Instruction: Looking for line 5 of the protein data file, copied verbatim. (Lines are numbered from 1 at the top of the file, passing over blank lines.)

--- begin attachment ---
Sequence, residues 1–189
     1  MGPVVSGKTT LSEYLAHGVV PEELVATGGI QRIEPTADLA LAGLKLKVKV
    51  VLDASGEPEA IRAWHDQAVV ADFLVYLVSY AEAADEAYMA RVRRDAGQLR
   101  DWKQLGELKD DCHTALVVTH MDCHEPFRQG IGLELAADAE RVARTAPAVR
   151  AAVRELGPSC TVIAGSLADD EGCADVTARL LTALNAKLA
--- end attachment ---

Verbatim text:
   151  AAVRELGPSC TVIAGSLADD EGCADVTARL LTALNAKLA